Most any syntactic category can serve as the antecedent to a proform. The following examples illustrate a range of proforms and their antecedents. The proforms are in bold, and their antecedents are underlined:
- a. Willy said he likes chocolate. - Noun as antecedent
- b. My eccentric uncle likes chocolate. He tells everyone to buy him chocolate. - Noun phrase as antecedent
- c. Larry was helpful, and so was Kim. - Adjective as antecedent
- d. He arrived in the afternoon, when nobody was home. - Prepositional phrase as antecedent
- e. Thomas plays soccer in the park. The kids all congregate there. - Prepositional phrase as antecedent
- f. Our helpers did it very carefully, and we did it like that as well. - Adverb phrase as antecedent
- g. Fred works hard, but Tom does not do the same. - Verb phrase as antecedent
- h. Susan lies all the time, which everybody knows about. - Entire clause as antecedent
- i. Our politicians have been pandering again. This demotivates the voters. - Entire sentence as antecedent
- j. Someone called who offered to help. She was really friendly. - Discontinuous word combination as antecedent
- k. The paragraph has in fact been checked by Sam, but Susan won't do it. - Discontinuous word combination as antecedent
This list of proforms and the types of antecedents that they take is by no means exhaustive, but rather it is intended to merely deliver an impression of the breadth of expressions that can function as proforms and antecedents. While the stereotypical proform is a pronoun and the stereotypical antecedent a noun or noun phrase, these examples demonstrate that most any syntactic category can in fact serve as an antecedent to a proform, whereby the proforms themselves are a diverse bunch. The last two examples are particularly interesting, because they show that some proforms can even take discontinuous word combinations as antecedents, i.e. the antecedents are NOT constituents. A particularly frequent type of proform occurs in relative clauses. Many relative clauses contain a relative pronoun, and these relative pronouns have an antecedent. Sentences d and h above contain relative clauses; the proforms when and which are relative proforms.
The ante- in antecedent means 'before, in front of'. Thus when a proform precedes its antecedent, the antecedent is technically not an antecedent, but rather it is a postcedent, post- meaning 'after, behind'. The following examples illustrate postcedents:
- a. When it is ready, I'll have a cup of coffee. - Noun as postcedent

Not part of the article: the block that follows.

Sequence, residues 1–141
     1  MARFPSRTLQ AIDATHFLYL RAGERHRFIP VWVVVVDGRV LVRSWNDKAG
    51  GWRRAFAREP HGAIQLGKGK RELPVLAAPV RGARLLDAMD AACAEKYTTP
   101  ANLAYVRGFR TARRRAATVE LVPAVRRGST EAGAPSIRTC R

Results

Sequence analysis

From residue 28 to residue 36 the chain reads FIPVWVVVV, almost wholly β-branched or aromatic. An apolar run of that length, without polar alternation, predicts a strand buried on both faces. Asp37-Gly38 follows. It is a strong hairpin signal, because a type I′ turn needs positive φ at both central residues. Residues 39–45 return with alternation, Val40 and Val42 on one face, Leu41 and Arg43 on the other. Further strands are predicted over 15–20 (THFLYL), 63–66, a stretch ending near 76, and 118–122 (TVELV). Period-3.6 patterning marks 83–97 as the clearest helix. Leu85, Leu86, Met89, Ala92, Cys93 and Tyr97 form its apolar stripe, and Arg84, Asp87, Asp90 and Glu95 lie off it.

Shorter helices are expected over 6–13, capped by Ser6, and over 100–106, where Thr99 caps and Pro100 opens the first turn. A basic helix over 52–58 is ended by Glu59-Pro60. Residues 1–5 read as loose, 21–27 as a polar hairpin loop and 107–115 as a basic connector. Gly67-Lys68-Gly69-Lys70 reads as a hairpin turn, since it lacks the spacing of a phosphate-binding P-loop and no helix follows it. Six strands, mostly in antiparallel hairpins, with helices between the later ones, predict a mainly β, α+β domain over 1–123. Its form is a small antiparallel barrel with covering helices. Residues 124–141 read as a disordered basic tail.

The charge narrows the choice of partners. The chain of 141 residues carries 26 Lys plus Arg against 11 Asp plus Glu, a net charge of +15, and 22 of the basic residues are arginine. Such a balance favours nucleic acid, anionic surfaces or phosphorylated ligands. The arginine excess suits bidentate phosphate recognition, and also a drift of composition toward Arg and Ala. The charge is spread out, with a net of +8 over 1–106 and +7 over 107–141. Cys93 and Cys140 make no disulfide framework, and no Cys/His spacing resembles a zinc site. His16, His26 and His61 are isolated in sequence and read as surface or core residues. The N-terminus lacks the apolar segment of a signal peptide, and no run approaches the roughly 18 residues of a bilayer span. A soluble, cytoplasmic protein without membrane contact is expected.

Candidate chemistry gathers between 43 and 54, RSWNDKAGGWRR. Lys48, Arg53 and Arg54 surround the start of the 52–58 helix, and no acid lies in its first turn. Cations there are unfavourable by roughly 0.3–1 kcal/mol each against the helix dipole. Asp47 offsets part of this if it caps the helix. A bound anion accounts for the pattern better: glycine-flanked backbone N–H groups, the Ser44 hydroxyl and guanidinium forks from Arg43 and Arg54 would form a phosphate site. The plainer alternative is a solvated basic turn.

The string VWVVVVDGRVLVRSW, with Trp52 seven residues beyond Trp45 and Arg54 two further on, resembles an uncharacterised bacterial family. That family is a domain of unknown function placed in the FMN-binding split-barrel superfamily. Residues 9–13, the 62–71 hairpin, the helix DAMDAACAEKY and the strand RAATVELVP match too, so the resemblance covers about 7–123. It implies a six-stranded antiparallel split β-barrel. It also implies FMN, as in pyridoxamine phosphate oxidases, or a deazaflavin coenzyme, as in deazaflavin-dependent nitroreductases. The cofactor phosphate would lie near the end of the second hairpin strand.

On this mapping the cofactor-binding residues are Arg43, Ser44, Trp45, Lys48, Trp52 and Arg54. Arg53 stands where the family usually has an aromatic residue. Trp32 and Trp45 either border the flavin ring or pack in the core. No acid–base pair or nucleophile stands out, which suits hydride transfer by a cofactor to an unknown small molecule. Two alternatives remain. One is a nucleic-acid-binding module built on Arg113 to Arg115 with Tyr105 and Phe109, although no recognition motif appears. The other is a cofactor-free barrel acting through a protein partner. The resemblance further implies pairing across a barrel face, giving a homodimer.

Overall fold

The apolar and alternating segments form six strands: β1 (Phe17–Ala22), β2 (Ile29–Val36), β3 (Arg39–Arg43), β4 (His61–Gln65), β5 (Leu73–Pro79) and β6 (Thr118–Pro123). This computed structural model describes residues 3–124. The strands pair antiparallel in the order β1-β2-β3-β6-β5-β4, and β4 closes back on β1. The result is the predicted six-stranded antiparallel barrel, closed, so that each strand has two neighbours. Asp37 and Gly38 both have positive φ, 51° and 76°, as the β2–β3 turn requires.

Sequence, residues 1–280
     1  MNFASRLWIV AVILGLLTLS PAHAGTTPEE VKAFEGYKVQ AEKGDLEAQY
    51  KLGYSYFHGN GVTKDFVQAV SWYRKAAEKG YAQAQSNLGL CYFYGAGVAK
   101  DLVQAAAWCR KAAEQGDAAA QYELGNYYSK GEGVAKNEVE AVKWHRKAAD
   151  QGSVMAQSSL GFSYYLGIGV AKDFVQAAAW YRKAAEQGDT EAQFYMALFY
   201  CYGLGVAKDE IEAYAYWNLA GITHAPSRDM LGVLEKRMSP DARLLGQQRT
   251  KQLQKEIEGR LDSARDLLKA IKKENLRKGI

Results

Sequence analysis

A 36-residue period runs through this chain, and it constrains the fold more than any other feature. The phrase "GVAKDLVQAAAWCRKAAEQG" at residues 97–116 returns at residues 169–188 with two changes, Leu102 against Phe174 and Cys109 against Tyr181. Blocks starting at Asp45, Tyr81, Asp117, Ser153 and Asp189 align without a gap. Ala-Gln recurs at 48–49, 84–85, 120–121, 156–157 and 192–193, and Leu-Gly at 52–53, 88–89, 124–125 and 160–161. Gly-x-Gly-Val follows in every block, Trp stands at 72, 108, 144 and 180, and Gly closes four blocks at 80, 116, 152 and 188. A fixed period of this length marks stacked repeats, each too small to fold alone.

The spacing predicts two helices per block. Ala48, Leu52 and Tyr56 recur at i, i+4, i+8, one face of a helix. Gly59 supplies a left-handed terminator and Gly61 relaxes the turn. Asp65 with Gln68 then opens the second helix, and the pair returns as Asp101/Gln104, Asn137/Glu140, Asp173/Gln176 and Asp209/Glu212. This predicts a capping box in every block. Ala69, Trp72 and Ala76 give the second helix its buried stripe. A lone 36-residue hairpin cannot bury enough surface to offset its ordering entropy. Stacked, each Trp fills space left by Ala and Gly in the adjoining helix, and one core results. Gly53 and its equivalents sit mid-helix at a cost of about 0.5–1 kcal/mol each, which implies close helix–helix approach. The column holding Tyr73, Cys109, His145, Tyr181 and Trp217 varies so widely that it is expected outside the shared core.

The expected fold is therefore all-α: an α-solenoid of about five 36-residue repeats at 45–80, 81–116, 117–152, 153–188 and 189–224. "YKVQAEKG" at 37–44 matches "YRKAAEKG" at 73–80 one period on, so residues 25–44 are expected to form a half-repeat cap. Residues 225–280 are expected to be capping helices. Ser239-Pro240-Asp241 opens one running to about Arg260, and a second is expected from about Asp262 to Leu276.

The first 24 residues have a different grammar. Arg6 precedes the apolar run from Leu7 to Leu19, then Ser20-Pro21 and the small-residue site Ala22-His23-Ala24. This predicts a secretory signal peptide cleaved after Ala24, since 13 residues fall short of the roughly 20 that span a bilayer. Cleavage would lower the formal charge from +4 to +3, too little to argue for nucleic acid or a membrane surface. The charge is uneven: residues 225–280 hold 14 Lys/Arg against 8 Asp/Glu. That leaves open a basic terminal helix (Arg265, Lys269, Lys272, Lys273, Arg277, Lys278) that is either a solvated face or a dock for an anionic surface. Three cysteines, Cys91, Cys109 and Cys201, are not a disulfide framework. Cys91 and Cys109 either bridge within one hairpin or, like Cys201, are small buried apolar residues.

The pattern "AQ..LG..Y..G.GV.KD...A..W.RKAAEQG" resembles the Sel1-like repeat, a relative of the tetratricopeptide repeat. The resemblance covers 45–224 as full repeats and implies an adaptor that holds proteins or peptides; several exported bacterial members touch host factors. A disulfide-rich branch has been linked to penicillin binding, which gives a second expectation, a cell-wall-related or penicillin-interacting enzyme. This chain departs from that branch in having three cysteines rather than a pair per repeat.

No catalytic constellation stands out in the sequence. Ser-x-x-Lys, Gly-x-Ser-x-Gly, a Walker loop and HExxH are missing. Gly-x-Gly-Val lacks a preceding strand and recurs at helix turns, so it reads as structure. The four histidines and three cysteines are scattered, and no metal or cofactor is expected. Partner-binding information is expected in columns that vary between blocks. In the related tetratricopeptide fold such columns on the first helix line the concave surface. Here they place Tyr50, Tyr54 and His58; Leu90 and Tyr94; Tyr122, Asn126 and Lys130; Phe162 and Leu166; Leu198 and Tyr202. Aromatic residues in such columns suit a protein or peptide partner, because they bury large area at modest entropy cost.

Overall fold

- b. In her bed, my friend spends the entire morning. - Noun phrase as postcedent
- c. It bothered me that she did not call. - Clause as postcedent, example of it-extraposition
- d. Two violinists were there, at the party. - Prepositional phrase as postcedent
- e. Sam tries to work then, when it is raining. - Clause as postcedent
Postcedents are rare compared to antecedents, and in practice, the distinction between antecedents and postcedents is often ignored, the term antecedent being used to denote both. This practice is a source of confusion and some have therefore denounced the term antecedent outright because of this confusion.
Some proforms lack a linguistic antecedent (or postcedent). In such cases, the antecedent is implied in the given discourse environment or from general knowledge of the world. For instance, the first person pronouns I, me, we, and us and second person pronoun you are proforms that usually lack a linguistic antecedent. However, their antecedents are present in the discourse context as the speaker and the listener. Pleonastic proforms also lack a linguistic antecedent, e.g. It is raining, where the pronoun it is semantically empty and cannot be viewed as referring to anything specific in the discourse world. Definite proforms such as they and you also have an indefinite use, which means they denote some person or people in general, e.g. They will get you for that, and therefore cannot be construed as taking a linguistic antecedent.
- Carnie (2013:150) defines antecedent as an NP that gives its meaning to another NP. Carnie's definition is too narrow, as many of the examples here illustrate. Antecedents (and proforms) are not limited to the noun or noun phrase categories.
- For an example of a linguist who rejects the term antecedent because of the confusion it generates (due to the failure to distinguish between antecedents and postcedents), see Tesnière (1969:86f.).
- Carnie, A. 2013. Syntax: A generative introduction. 3rd edition. Malden, MA: Wiley-Blackwell.
- Crystal, D. 1997. A dictionary of linguistics and phonetics. 4th edition. Cambridge, MA: Blackwell Publishers.
- Radford, A. 2004. English syntax: An introduction. Cambridge, UK: Cambridge University Press.
- Tesnière, L. 1969. Éléments de syntaxe structurale, 2nd edition. Klincksieck, Paris.